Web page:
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Continuous Glucose Monitors Emerge as Next-Gen Wearable
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Continuous Glucose Monitors Emerge as Next-Gen Wearable

The stage has been set for CGMs and metabolic health apps to potentially replace fitness trackers as the leading wearable

The U.S. Food and Drug Administration has cleared the Dexcom Stelo Glucose Biosensor System, the first over-the-counter continuous glucose monitor (CGM), as awareness of metabolic health continues to gain steam. 

The system will become available to purchase online without a prescription this summer. 

The wearable Stelo Glucose Biosensor System is designed for those 18 years and older who don’t use insulin and either treat diabetes with oral medications or don’t have a diabetes diagnosis but are interested in seeing firsthand how diet and exercise impact their blood sugar levels.

Using a small sensor worn on the back of the upper arm, Stelo continuously measures, records, analyzes and displays glucose values every 15 minutes when connected to an app. Users can wear each sensor for up to 15 days before replacement.

Stelo isn’t designed for those with “problematic hypoglycemia” since it won’t provide the necessary alerts. 

Although Dexcom notes that Stelo users shouldn’t take medical action based on the device’s findings without consulting with a healthcare professional, the health tech company says the glucose biosensor system can help users understand how modifications such as diet and exercise can impact glucose excursion. 

Considering that approximately one in three American adults have prediabetes — a staggering 80% of whom don’t know they have it —  Stelo can serve as an invaluable tool, underscored by its ease of accessibility. It’s a stance that appears to be shared by the FDA.

“CGMs can be a powerful tool to help monitor blood glucose,” said Jeff Shuren, M.D., J.D., director of the FDA’s Center for Devices and Radiological Health. “Today’s clearance expands access to these devices by allowing individuals to purchase a CGM without the involvement of a healthcare provider.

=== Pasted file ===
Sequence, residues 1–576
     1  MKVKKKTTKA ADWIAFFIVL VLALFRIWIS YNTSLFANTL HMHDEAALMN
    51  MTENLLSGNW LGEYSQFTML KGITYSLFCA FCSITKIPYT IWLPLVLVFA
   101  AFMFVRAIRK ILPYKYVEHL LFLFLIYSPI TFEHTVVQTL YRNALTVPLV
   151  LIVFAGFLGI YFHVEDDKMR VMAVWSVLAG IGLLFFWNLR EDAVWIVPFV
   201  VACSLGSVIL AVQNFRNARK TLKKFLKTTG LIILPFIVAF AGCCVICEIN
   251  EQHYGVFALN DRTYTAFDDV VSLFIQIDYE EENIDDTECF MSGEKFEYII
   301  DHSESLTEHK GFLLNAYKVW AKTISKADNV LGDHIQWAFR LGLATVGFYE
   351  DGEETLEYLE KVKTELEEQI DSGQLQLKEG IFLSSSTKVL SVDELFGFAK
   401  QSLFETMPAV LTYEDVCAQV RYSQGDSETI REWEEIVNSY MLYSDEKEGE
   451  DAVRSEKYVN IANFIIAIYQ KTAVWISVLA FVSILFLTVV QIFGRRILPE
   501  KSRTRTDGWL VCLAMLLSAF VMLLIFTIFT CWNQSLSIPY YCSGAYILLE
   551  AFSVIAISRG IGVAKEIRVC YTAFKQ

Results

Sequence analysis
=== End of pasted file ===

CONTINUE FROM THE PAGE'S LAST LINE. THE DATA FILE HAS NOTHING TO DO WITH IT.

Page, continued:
“Giving more individuals valuable information about their health, regardless of their access to a doctor or health insurance, is an important step forward in advancing health equity for U.S. patients,” Shuren continued.

While a price hasn’t been mentioned yet, one William Blair analyst estimates Stelo may cost around $90 a month and that consumers could use their healthcare savings accounts to offset the expense.

Consumers Embrace Wearables for Health

By all accounts, consumers are entering a new era of health and wellness. The pandemic may have inspired health and wellness, but it also led to skyrocketing sales of pulse oximeters, perhaps a testament to how much consumers have come to rely on monitoring devices beyond fitness and activity trackers.

Instead of simple trackers, companies such as Whoop bill their technology as ‘human performance,’ leaning into AI and providing biometric data points across sleep, recovery, stress and strain.

Smart ring maker Oura is also invested in the glucose realm, having partnered with CGM platforms Veri, Supersapiens and January AI to offer insights into sleep and glucose biomarkers.

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One wearable tech startup, Signos, raised $20 million last year as it looks to disrupt the medicated weight loss and metabolic space by using Dexcom CGMs to provide real-time diet and workout recommendations based on the readings with its app.  

CGM maker Veri has a partnership with Oura’s smart ring (credit: Veri)

The CGM Market Heats Up

Although Stelo may be the first CGM cleared for over-the-counter purchase, the CGM space is expected to become increasingly competitive. Abbott’s first consumer biowearable, Lingo, is currently being rolled out across the U.K. with ambitions of receiving a green light for the U.S. market. Similar to Stelo, it tracks glucose levels and provides personalized insights in response.

“Our mood, weight, energy levels and ability to focus are all connected to our individual glucose levels, which rise and fall in response to the food we eat, hours of sleep, regular exercise, and even life’s daily stresses,” said Lily Soutter, a nutritionist in Abbott’s Lingo division. “Improving your metabolic health by tracking your glucose levels over a meaningful period of time can motivate you to implement changes to better manage those spikes and dips, ultimately benefiting your health and well-being.”

Meanwhile, companies like Roche are forging a new frontier in diabetes management and the CGM space using predictive AI for its Accu-Chek SmartGuide device. Using a CGM sensor, Roche’s system displays current glucose levels, predictions for the following two hours and provides a risk prediction for nocturnal hypoglycemia.

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